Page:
and then rewrite only the few rules that you need to change. New compose rules can be added, and previous ones replaced.
Finally, it is no longer necessary to specify in the right part of a rule a locale encoded string in addition to the keysym name. If the string is omitted, Xlib figures it out from the keysym according to the current locale. I.e., if a rule looks like:
the result of the composition is always the letter with the "\300" code. But if the rule is:
<dead_grave> <A> : "\300" Agrave
the result depends on how Agrave is mapped in the current locale.
<dead_grave> <A> : Agrave
X11R6.9 includes the Bitstream Vera family of typefaces in TrueType format. This family includes the ``Bitstream Vera Sans'', ``Bitstream Vera Sans Mono'' and ``Bitstream Vera Serif'' in Roman and Bold varients as well as the ``Bitstream Vera Sans'' and ``Bitstream Vera Sans Mono'' in Oblique and Bold Oblique. These fonts include all of the glyphs needed for ISO 8859 parts 1 9 and 15.
The license terms for the Vera fonts are inclued in the file
The X distribution includes the ``Luxi'' family of Type 1 fonts and TrueType fonts. This family consists of the fonts ``Luxi Serif'', ``Luxi Sans'' and ``Luxi Mono'' in Roman, oblique, bold and bold oblique variants. The TrueType version have glyphs covering the basic ASCII Unicode range, the Latin 1 range, as well as the Extended Latin range and some additional punctuation characters. In particular, these fonts include all the glyphs needed for ISO 8859 parts 1, 2, 3, 4, 9, 13 and 15, as well as all the glyphs in the Adobe Standard encoding and the Windows 3.1 character set.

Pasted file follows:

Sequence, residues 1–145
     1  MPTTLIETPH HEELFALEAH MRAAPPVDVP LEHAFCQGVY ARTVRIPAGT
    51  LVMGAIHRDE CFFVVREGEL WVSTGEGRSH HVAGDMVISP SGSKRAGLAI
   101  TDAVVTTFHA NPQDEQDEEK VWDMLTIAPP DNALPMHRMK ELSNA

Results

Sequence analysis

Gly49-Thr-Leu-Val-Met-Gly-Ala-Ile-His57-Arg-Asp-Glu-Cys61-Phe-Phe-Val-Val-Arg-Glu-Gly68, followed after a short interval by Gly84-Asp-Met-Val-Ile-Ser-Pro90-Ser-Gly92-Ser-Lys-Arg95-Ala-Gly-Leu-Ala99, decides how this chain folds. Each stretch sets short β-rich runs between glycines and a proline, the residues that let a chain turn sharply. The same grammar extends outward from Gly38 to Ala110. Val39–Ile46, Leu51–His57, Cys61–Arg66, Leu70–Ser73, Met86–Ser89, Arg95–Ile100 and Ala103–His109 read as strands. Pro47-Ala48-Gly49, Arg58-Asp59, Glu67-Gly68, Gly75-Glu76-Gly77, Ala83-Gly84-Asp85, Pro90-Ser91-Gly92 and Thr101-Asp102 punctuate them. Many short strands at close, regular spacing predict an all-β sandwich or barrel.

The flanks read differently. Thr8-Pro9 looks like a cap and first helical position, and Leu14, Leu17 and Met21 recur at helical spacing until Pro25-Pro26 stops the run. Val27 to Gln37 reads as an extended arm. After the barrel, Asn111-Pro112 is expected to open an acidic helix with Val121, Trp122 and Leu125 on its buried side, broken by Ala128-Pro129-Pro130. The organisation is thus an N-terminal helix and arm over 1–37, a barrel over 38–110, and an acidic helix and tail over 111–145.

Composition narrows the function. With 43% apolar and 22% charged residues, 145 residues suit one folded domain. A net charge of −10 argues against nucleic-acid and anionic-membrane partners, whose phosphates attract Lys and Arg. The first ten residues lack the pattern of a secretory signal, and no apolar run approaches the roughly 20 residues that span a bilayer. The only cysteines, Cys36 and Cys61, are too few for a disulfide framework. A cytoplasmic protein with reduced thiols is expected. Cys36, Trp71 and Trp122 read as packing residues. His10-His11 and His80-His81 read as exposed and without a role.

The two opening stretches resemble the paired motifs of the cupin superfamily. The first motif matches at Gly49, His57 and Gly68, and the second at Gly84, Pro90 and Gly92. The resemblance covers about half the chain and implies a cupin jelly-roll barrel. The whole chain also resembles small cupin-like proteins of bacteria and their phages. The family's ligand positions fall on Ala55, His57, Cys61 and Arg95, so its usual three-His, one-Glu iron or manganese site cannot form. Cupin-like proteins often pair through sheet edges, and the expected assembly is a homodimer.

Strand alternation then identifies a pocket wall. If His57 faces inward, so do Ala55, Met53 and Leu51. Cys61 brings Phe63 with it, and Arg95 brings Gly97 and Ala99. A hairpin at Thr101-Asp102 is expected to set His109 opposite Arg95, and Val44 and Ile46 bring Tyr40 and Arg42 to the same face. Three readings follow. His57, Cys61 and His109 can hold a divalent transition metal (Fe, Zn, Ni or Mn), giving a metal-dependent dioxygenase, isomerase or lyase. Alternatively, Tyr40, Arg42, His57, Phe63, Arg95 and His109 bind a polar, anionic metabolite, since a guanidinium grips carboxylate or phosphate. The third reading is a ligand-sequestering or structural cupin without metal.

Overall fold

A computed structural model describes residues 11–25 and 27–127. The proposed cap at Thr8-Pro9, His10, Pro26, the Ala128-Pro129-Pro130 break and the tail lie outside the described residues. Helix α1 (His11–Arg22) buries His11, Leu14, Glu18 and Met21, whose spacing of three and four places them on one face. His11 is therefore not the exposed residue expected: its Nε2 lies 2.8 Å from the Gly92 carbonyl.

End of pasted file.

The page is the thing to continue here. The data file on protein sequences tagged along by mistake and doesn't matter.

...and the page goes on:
The glyph coverage of the Type 1 versions is somewhat reduced, and only covers ISO 8859 parts 1, 2 and 15 as well as the Adobe Standard encoding.
The Luxi fonts are original designs by Kris Holmes and Charles Bigelow from Bigelow and Holmes Inc., who developed the Luxi typeface designs in Ikarus digital format. URW++ Design and Development GmbH converted the Ikarus format fonts to TrueType and Type 1 font programs and implemented the grid-fitting "hints" and kerning tables in the Luxi fonts.
The license terms for the Luxi fonts are included in the file
COPYRIGHT.BH', as well as in the License document. For further information,
, or consult the
URW++ web site.